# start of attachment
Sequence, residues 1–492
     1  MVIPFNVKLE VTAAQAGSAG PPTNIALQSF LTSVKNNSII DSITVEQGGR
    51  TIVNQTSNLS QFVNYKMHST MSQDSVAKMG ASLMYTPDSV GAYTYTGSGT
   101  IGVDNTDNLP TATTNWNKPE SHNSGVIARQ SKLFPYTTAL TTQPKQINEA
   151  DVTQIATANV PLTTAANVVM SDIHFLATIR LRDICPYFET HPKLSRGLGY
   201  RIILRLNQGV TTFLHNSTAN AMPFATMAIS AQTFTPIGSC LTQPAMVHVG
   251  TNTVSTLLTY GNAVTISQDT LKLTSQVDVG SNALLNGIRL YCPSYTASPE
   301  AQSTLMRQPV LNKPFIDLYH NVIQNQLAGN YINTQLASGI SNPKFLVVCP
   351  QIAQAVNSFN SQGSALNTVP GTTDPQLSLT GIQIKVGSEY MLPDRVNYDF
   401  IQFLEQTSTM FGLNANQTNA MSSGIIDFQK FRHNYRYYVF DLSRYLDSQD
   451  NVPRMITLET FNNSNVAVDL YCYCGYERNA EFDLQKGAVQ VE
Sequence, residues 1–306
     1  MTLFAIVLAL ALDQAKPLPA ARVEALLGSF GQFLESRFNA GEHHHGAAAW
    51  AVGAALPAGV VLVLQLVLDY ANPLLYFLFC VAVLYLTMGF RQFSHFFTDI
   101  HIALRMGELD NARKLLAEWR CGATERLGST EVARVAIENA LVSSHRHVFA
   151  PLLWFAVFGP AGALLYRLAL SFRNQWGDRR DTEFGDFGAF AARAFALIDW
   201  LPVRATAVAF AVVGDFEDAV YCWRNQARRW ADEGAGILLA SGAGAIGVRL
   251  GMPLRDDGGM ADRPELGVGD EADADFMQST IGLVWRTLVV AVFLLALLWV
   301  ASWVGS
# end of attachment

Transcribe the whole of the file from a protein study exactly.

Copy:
Sequence, residues 1–492
     1  MVIPFNVKLE VTAAQAGSAG PPTNIALQSF LTSVKNNSII DSITVEQGGR
    51  TIVNQTSNLS QFVNYKMHST MSQDSVAKMG ASLMYTPDSV GAYTYTGSGT
   101  IGVDNTDNLP TATTNWNKPE SHNSGVIARQ SKLFPYTTAL TTQPKQINEA
   151  DVTQIATANV PLTTAANVVM SDIHFLATIR LRDICPYFET HPKLSRGLGY
   201  RIILRLNQGV TTFLHNSTAN AMPFATMAIS AQTFTPIGSC LTQPAMVHVG
   251  TNTVSTLLTY GNAVTISQDT LKLTSQVDVG SNALLNGIRL YCPSYTASPE
   301  AQSTLMRQPV LNKPFIDLYH NVIQNQLAGN YINTQLASGI SNPKFLVVCP
   351  QIAQAVNSFN SQGSALNTVP GTTDPQLSLT GIQIKVGSEY MLPDRVNYDF
   401  IQFLEQTSTM FGLNANQTNA MSSGIIDFQK FRHNYRYYVF DLSRYLDSQD
   451  NVPRMITLET FNNSNVAVDL YCYCGYERNA EFDLQKGAVQ VE
Sequence, residues 1–306
     1  MTLFAIVLAL ALDQAKPLPA ARVEALLGSF GQFLESRFNA GEHHHGAAAW
    51  AVGAALPAGV VLVLQLVLDY ANPLLYFLFC VAVLYLTMGF RQFSHFFTDI
   101  HIALRMGELD NARKLLAEWR CGATERLGST EVARVAIENA LVSSHRHVFA
   151  PLLWFAVFGP AGALLYRLAL SFRNQWGDRR DTEFGDFGAF AARAFALIDW
   201  LPVRATAVAF AVVGDFEDAV YCWRNQARRW ADEGAGILLA SGAGAIGVRL
   251  GMPLRDDGGM ADRPELGVGD EADADFMQST IGLVWRTLVV AVFLLALLWV
   301  ASWVGS